from The American Heritage® Dictionary of the English Language, 4th Edition
- n. Quantum theory, especially the quantum theory of the structure and behavior of atoms and molecules.
from Wiktionary, Creative Commons Attribution/Share-Alike License
- n. The branch of physics which studies matter and energy at the level of atoms and other elementary particles, and substitutes probabilistic mechanisms for classical Newtonian ones.
- n. Something overly complicated or detailed.
from WordNet 3.0 Copyright 2006 by Princeton University. All rights reserved.
- n. the branch of quantum physics that accounts for matter at the atomic level; an extension of statistical mechanics based on quantum theory (especially the Pauli exclusion principle)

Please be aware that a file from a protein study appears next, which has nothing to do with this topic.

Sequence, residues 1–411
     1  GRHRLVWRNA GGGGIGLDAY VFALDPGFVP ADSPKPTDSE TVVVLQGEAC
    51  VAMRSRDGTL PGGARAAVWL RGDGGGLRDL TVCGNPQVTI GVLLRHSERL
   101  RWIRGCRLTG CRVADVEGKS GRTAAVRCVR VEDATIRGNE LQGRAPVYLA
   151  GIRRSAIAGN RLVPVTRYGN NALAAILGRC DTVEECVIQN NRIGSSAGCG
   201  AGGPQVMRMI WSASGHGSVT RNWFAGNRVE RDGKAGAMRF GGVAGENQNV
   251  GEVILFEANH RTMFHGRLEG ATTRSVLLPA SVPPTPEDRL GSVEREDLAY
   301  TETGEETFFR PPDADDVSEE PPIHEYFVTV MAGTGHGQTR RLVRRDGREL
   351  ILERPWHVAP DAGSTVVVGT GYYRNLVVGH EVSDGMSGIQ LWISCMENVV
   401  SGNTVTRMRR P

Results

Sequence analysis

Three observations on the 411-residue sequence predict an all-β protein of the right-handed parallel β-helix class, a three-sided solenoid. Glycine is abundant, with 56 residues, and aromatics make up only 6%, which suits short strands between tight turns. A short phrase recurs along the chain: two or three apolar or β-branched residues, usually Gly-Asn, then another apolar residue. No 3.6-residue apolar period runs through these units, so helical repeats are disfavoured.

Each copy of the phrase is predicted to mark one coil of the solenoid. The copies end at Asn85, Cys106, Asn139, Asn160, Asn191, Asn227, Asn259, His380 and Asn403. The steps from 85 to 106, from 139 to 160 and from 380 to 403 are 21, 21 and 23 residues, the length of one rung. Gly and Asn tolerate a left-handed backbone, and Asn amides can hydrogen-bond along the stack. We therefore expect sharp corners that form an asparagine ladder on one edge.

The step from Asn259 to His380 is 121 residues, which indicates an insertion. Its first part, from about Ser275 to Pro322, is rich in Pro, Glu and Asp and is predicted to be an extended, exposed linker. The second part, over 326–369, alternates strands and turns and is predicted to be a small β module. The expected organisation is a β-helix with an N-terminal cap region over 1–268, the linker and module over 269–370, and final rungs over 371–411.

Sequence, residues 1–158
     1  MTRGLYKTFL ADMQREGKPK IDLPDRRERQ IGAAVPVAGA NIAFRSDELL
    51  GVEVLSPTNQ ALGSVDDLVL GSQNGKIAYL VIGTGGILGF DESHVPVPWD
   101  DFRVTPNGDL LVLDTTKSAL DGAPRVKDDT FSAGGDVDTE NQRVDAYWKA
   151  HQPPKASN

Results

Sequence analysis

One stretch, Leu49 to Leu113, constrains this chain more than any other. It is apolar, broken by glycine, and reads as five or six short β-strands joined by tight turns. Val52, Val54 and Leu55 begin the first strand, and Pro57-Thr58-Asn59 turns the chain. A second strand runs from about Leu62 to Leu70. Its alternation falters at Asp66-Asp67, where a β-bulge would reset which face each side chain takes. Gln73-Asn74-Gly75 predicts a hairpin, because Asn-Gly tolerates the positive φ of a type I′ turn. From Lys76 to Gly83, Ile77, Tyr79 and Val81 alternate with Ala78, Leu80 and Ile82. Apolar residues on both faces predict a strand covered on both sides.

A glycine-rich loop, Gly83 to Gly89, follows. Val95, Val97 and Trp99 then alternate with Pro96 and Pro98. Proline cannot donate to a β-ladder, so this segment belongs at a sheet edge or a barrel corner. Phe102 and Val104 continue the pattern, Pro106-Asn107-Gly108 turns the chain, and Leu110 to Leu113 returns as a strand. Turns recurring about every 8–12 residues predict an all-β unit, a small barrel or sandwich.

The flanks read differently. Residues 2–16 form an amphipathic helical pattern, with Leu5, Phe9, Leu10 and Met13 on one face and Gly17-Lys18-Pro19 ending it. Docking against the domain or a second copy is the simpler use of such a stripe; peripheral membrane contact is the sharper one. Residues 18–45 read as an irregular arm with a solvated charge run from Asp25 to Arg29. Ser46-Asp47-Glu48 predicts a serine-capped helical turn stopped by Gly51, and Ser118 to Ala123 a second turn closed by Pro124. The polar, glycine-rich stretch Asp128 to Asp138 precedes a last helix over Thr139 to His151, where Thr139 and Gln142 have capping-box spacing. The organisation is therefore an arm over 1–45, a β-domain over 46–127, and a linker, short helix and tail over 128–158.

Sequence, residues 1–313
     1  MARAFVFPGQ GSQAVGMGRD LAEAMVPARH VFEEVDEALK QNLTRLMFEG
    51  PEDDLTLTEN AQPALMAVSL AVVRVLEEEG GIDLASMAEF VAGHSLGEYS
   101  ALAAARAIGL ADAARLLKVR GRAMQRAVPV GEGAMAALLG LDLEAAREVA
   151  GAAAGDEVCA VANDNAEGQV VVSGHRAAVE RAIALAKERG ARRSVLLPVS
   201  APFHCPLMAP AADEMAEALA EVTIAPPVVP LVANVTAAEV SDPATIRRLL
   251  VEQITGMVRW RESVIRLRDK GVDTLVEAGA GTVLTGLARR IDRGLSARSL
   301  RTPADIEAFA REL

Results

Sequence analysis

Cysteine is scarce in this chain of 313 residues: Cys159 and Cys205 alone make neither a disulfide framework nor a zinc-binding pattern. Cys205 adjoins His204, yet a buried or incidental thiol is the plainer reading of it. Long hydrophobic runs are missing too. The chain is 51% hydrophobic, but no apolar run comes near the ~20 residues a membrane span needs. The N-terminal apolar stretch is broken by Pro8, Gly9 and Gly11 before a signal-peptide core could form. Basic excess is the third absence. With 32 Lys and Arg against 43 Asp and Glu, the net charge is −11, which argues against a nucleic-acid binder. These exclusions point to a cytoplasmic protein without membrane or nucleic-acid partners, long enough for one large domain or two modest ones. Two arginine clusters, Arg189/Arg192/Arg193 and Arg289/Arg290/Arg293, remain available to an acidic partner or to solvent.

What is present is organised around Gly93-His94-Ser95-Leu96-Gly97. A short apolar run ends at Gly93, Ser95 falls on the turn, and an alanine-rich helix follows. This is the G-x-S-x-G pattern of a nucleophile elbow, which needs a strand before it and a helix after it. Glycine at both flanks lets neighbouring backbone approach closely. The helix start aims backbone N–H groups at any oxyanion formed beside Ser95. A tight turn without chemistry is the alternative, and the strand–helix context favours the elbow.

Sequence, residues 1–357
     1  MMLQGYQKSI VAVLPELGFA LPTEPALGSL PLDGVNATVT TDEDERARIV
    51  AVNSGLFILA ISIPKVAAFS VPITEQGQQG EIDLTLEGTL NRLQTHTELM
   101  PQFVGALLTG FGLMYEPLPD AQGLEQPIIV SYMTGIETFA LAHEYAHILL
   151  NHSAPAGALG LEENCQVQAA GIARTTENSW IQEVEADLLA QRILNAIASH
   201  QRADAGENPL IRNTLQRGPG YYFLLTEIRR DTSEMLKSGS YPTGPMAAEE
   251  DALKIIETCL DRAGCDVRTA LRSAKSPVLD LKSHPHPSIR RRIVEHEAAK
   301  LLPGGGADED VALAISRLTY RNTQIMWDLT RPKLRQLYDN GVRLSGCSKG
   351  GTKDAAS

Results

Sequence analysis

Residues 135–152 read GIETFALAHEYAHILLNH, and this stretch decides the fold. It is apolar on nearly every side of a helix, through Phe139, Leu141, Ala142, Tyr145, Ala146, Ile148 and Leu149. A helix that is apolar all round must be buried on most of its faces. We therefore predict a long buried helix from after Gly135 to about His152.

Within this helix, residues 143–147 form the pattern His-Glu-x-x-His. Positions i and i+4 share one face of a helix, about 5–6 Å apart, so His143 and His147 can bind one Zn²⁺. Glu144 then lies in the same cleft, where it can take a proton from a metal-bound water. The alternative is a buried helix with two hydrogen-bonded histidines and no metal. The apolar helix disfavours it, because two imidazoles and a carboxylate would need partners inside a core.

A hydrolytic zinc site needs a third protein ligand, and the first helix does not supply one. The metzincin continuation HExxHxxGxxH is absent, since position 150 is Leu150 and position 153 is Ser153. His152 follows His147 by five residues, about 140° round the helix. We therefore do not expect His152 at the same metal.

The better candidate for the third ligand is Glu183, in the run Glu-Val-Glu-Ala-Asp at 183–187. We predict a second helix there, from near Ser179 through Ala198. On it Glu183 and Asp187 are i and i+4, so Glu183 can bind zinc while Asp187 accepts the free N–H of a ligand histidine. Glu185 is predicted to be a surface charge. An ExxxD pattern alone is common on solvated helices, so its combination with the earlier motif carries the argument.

Sorry, no etymologies found.
The test confirmed an underlying theory of quantum mechanics — namely, that a measurement made on one photon has an instantaneous effect on the nature of another photon.
When I was a graduate student in physical chemistry at Yale, I had the remarkable experience of taking a course in relativistic quantum mechanics from Nobel laureate Willis Lamb.
My intellectual life was immersed in quantum mechanics and second-order differential equations, and my heroes were the giants of physics—Albert Einstein, Niels Bohr, Werner Heisenberg, and Paul Dirac.